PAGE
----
"Bob Wilmers' accomplishments as chairman and CEO of M&T Bank are surpassed only by his commitment to our community, and every day he worked to fulfill his belief that the bank can only do well if the communities it serves do well," said Robert T. Brady, the former chairman and CEO of Moog Inc. Brady became M&T's non-executive chairman Sunday. "He will be missed greatly — by his beloved family, by the colleagues whom he respected so deeply, by his incredibly broad network of dear friends and by all of our neighbors in M&T's communities."
Wilmers was also the "rarest of birds: a banker willing to tell harsh truths about banking," wrote Joe Nocera in a May 2011 op-ed column in The New York Times.
In Nocera's column, titled "The Good Banker," he wrote that Wilmers was critical of the giant national banks that helped fuel "The Great Recession" that began in 2007-08. Wilmers felt the risks those banks took with consumers' money put all banking in a bad light.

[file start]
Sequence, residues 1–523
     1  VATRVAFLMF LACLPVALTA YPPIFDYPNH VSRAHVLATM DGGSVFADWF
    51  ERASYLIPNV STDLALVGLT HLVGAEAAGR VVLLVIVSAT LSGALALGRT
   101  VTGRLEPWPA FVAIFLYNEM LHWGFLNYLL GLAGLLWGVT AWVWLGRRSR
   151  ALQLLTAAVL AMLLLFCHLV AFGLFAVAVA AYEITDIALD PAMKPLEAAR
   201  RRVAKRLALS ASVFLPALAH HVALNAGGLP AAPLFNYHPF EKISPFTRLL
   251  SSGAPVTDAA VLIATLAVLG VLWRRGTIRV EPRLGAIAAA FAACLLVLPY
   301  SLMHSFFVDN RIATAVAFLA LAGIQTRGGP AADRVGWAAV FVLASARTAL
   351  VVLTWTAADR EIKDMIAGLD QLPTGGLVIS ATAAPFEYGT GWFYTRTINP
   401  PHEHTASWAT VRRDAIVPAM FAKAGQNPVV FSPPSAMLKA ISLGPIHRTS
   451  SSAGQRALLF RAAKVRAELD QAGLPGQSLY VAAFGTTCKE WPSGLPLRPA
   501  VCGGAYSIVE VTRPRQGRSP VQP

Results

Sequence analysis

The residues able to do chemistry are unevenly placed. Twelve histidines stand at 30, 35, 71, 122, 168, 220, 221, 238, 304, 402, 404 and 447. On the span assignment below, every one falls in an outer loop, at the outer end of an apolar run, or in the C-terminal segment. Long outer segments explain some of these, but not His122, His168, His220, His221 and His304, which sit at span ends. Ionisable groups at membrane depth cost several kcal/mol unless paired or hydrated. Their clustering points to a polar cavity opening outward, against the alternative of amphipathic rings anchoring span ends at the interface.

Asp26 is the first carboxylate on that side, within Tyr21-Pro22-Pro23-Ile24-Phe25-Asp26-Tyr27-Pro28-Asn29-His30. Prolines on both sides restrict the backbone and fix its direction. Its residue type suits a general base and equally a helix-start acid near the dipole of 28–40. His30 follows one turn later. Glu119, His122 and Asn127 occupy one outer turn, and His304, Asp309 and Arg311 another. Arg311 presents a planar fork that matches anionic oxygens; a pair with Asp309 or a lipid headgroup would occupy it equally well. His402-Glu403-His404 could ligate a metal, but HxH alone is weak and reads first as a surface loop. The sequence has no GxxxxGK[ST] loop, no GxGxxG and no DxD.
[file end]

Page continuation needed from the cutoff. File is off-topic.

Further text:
"Most bankers are very involved in their communities, and they can stand up and be counted," Wilmers was quoted as saying. "I saw a poll recently that showed we are now considered the third worst profession. That bothers me."
Bank analyst Tom Brown followed Wilmers' banking career — one, he says, the industry should emulate.
"Bob Wilmers was not just a great example for all bankers to emulate, but an equally outstanding businessman and civic leader," said bank analyst Tom Brown in a statement to The Eagle. "He was unique and had such a positive impact on so many of our lives."